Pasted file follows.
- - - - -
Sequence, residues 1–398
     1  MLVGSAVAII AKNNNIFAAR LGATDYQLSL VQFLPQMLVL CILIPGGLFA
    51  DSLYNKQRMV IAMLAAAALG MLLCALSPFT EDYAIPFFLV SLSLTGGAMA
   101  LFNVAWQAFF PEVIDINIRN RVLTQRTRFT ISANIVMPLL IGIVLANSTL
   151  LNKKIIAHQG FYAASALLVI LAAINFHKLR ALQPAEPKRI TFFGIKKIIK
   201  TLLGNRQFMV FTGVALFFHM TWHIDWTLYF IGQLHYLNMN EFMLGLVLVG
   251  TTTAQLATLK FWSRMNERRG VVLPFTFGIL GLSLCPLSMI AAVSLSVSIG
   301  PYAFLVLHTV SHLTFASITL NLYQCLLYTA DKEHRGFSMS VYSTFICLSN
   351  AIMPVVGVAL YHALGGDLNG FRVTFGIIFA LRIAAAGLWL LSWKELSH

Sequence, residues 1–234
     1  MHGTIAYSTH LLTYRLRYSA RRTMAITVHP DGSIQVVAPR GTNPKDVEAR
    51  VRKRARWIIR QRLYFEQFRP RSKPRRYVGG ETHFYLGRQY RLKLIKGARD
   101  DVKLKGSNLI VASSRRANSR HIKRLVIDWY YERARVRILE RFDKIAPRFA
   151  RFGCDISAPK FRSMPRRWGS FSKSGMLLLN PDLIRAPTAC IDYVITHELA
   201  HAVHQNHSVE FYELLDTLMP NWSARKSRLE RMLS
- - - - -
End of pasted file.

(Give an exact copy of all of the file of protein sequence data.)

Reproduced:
Sequence, residues 1–398
     1  MLVGSAVAII AKNNNIFAAR LGATDYQLSL VQFLPQMLVL CILIPGGLFA
    51  DSLYNKQRMV IAMLAAAALG MLLCALSPFT EDYAIPFFLV SLSLTGGAMA
   101  LFNVAWQAFF PEVIDINIRN RVLTQRTRFT ISANIVMPLL IGIVLANSTL
   151  LNKKIIAHQG FYAASALLVI LAAINFHKLR ALQPAEPKRI TFFGIKKIIK
   201  TLLGNRQFMV FTGVALFFHM TWHIDWTLYF IGQLHYLNMN EFMLGLVLVG
   251  TTTAQLATLK FWSRMNERRG VVLPFTFGIL GLSLCPLSMI AAVSLSVSIG
   301  PYAFLVLHTV SHLTFASITL NLYQCLLYTA DKEHRGFSMS VYSTFICLSN
   351  AIMPVVGVAL YHALGGDLNG FRVTFGIIFA LRIAAAGLWL LSWKELSH

Sequence, residues 1–234
     1  MHGTIAYSTH LLTYRLRYSA RRTMAITVHP DGSIQVVAPR GTNPKDVEAR
    51  VRKRARWIIR QRLYFEQFRP RSKPRRYVGG ETHFYLGRQY RLKLIKGARD
   101  DVKLKGSNLI VASSRRANSR HIKRLVIDWY YERARVRILE RFDKIAPRFA
   151  RFGCDISAPK FRSMPRRWGS FSKSGMLLLN PDLIRAPTAC IDYVITHELA
   201  HAVHQNHSVE FYELLDTLMP NWSARKSRLE RMLS